As senior intelligence officials presented their annual assessment, indicating an increased likelihood of war, they cited three main reasons: First, what is perceived by Iran and Hezbollah as a weakening American presence in the region and a significant decrease in engagement; Second, the crisis between Washington and Jerusalem highlights the strained relationship between President Joe Biden and Prime Minister Benjamin Netanyahu; And third, the severe internal rift within Israeli society that has also affected the Israel Defense Forces.
In the past few days, we have witnessed the escalation of concerns in two of those three points, reminiscent of the atmosphere prior to the attempted ousting of Defense Minister Yoav Gallant in March. From the American perspective, attention should be paid to the remarkable interview President Joe Biden gave to CNN over the weekend, in which he stated that "this is the most extreme government I have seen since the days of Golda Meir," and evaded the question of whether he would invite Netanyahu for a visit soon.
It is crucial to understand that a visit by an Israeli prime minister to the White House is not merely a matter of pomp and circumstance and photo ops, or even an update on the visa waiver saga. There are strategic and weighty issues at stake, and the tension between the two leaders directly affects national security.
In the area regarding the internal crisis, we are witnessing a renewed wave of protests, which has only just begun. In the coming days, large-scale demonstrations are expected, accompanied by renewed calls for reservists to not report for reserve duty.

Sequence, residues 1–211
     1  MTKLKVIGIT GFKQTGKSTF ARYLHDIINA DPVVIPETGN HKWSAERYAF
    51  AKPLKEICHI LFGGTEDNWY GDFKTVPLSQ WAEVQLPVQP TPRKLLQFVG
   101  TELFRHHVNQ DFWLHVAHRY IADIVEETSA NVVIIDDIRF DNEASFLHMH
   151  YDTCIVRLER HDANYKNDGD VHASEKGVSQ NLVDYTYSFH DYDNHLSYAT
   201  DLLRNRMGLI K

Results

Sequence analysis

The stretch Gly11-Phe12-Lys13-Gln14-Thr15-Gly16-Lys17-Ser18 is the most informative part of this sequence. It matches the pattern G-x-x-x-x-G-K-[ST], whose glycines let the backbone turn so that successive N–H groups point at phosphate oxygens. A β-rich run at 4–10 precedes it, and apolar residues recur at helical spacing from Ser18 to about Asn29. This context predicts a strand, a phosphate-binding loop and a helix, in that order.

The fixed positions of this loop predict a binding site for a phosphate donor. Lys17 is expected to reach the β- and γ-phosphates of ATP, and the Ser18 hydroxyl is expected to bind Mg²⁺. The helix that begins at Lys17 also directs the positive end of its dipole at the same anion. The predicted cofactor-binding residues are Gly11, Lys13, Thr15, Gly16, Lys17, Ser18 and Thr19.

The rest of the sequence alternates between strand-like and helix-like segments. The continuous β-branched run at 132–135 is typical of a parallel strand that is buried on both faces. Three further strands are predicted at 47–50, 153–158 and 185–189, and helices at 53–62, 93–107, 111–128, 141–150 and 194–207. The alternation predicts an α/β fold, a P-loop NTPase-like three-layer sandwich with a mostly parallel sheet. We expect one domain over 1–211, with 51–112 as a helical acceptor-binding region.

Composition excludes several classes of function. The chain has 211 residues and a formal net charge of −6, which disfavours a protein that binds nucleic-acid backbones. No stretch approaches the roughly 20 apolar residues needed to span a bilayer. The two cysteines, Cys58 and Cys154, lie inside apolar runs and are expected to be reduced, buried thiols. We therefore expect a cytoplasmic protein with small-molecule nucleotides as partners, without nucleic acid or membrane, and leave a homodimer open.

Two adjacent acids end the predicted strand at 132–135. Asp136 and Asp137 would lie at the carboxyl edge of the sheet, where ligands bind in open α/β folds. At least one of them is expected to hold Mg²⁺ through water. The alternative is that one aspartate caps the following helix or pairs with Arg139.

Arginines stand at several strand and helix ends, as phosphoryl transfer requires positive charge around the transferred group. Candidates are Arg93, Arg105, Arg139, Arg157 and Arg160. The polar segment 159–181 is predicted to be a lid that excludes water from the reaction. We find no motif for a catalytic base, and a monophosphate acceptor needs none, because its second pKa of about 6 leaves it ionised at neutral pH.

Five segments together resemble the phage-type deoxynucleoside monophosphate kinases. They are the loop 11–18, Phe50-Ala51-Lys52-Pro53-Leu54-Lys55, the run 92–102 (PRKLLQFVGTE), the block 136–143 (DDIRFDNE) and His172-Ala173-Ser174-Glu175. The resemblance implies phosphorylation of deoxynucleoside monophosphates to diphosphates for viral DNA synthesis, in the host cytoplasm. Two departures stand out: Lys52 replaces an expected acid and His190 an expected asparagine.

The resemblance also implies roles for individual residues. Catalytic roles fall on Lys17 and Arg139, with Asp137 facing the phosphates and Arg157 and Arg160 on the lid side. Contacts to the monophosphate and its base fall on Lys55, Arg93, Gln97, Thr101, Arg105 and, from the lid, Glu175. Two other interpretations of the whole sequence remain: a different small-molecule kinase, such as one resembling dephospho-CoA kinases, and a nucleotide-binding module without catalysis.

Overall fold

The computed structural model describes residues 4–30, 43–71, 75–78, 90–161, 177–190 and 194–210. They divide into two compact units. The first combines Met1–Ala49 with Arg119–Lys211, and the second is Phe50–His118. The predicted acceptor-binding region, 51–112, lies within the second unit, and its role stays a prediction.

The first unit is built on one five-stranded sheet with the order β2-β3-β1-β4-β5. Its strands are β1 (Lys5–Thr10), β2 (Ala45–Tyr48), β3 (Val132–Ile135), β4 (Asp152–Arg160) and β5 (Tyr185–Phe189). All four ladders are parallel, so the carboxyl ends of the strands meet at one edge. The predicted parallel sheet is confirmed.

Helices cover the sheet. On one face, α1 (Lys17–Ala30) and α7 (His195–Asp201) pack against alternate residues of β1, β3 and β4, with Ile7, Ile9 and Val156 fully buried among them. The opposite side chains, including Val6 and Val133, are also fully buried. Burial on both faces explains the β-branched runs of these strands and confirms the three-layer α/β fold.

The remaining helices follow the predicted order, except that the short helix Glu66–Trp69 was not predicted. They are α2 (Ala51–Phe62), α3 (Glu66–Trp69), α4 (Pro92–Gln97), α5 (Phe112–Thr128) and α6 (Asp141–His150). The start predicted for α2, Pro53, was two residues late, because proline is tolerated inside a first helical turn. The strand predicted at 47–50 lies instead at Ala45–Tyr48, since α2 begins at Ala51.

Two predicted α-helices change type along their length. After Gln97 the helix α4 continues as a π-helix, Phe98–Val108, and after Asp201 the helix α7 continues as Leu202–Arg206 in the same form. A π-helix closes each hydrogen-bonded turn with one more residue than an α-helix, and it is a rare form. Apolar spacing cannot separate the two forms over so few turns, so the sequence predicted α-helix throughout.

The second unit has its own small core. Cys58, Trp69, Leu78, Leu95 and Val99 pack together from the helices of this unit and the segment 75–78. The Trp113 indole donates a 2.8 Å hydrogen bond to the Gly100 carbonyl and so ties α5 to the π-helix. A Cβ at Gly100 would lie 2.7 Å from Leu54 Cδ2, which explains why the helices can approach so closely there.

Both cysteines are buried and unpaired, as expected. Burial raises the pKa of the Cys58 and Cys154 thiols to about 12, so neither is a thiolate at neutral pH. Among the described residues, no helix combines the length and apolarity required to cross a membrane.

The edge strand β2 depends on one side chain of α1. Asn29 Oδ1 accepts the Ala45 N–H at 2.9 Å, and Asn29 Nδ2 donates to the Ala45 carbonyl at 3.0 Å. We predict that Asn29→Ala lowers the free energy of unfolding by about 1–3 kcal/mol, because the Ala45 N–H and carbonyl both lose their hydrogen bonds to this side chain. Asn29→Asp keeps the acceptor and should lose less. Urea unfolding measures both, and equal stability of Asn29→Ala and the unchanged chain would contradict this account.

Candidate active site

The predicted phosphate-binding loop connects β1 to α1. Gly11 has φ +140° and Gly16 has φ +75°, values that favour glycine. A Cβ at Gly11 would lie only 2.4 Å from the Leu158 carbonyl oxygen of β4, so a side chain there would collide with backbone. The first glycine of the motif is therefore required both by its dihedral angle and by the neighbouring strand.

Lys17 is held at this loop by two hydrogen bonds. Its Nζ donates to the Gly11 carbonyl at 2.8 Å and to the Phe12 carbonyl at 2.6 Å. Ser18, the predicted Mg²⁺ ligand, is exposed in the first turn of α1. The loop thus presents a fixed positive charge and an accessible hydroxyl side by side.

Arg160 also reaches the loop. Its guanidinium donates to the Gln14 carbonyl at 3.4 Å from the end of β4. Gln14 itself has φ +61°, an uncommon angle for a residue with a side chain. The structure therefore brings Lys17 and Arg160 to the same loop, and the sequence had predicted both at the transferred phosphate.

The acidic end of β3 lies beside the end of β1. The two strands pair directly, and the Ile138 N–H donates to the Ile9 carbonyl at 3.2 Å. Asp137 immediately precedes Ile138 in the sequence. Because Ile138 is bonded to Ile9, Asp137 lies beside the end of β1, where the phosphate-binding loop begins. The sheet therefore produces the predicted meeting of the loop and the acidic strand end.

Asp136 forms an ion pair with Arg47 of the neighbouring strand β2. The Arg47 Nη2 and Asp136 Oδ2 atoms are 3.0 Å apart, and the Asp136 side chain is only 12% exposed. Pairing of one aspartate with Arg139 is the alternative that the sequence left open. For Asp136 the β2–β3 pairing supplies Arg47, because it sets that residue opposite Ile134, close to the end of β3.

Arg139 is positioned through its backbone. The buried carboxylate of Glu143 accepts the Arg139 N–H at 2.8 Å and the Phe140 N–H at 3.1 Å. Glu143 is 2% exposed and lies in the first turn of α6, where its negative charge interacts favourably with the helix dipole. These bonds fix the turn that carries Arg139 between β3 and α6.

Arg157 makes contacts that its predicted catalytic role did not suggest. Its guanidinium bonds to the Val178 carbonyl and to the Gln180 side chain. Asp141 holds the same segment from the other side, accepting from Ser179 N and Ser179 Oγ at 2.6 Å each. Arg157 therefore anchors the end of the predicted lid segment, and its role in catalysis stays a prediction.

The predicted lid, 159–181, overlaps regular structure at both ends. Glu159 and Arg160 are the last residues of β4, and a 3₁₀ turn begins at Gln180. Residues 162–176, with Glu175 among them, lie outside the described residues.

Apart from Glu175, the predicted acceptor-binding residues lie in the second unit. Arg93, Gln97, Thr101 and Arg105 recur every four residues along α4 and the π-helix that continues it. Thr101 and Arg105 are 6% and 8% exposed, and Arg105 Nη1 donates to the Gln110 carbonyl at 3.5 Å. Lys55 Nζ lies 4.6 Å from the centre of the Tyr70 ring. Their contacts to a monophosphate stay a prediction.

Currently, the IDF has not reported any actual refusal to serve, only media reports. Nonetheless, IDF Chief of Staff Lt.-Gen. Herzi Halevi deemed it necessary to make clear and important statements regarding both the security situation and the calls for insubordination. "These days require us to focus on the security mission and the supportive cohesion so that we are prepared for any challenge and in any arena. In the current reality, we do not have the luxury of not facing every challenge and task," he said.
It is doubtful whether anyone in the entire Middle East is happier about these developments than Hezbollah leader Hassan Nasrallah, who has become the number two figure on the ladder of evil, following Iran's Supreme Leader Ayatollah Ali Khamenei.
On Wednesday, Nasrallah is expected to deliver a special speech marking the 17th anniversary of the Second Lebanon War, where he is, as usual, expected to provoke Israel and launch verbal attacks against it. However, lately, he has not settled for speeches alone. This year, he has altered his entire deployment along the Israeli border to the extent that northern authorities are paying attention to how Hezbollah fighters are now closer than ever, closer than they have been since 2006.